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Scan and Snap: Understanding Training Dynamics and Token Composition in 1-layer Transformer

by   Yuandong Tian, et al.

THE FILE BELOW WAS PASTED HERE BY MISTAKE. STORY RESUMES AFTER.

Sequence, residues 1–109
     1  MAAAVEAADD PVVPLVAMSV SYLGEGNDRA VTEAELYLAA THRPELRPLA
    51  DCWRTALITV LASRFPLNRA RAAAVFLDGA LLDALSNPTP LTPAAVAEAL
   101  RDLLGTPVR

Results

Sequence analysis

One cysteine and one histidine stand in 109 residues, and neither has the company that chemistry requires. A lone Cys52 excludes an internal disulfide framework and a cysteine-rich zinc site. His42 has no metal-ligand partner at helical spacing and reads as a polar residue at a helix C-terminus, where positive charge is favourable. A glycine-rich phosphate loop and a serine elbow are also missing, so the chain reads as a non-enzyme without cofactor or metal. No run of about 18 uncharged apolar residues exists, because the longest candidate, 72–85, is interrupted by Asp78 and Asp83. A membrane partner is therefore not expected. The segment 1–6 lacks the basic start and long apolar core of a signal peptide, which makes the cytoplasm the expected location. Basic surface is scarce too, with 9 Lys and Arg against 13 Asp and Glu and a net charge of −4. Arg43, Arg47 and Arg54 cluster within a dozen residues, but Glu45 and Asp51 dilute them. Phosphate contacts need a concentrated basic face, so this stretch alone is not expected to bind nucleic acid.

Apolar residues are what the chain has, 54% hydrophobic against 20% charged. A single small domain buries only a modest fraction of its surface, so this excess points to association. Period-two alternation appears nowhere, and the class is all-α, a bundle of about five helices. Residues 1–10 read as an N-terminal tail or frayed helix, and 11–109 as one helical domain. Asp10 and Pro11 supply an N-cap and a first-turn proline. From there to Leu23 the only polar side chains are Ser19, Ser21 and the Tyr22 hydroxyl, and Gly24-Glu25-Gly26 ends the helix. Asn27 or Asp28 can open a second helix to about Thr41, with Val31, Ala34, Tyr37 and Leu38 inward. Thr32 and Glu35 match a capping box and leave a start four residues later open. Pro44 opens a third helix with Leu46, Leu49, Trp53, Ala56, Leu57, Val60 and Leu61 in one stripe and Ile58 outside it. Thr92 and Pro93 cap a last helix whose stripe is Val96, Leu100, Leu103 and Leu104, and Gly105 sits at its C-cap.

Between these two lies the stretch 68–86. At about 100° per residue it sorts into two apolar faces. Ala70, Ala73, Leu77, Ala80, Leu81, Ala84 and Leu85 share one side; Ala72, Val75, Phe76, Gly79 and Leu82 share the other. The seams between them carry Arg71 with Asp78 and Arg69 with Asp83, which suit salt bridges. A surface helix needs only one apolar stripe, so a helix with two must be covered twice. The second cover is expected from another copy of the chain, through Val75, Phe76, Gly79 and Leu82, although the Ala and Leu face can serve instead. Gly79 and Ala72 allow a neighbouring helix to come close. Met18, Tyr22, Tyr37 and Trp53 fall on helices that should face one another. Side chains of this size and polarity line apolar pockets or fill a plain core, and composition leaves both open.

Transformer architecture has shown impressive performance in multiple research domains and has become the backbone of many neural network models. However, there is limited understanding on how it works. In particular, with a simple predictive loss, how the representation emerges from the gradient training dynamics remains a mystery. In this paper, for 1-layer transformer with one self-attention layer plus one decoder layer, we analyze its SGD training dynamics for the task of next token prediction in a mathematically rigorous manner. We open the black box of the dynamic process of how the self-attention layer combines input tokens, and reveal the nature of underlying inductive bias. More specifically, with the assumption (a) no positional encoding, (b) long input sequence, and (c) the decoder layer learns faster than the self-attention layer, we prove that self-attention acts as a discriminative scanning algorithm: starting from uniform attention, it gradually attends more to distinct key tokens for a specific next token to be predicted, and pays less attention to common key tokens that occur across different next tokens. Among distinct tokens, it progressively drops attention weights, following the order of low to high co-occurrence between the key and the query token in the training set. Interestingly, this procedure does not lead to winner-takes-all, but decelerates due to a phase transition that is controllable by the learning rates of the two layers, leaving (almost) fixed token combination. We verify this scan and snap dynamics on synthetic and real-world data (WikiText).


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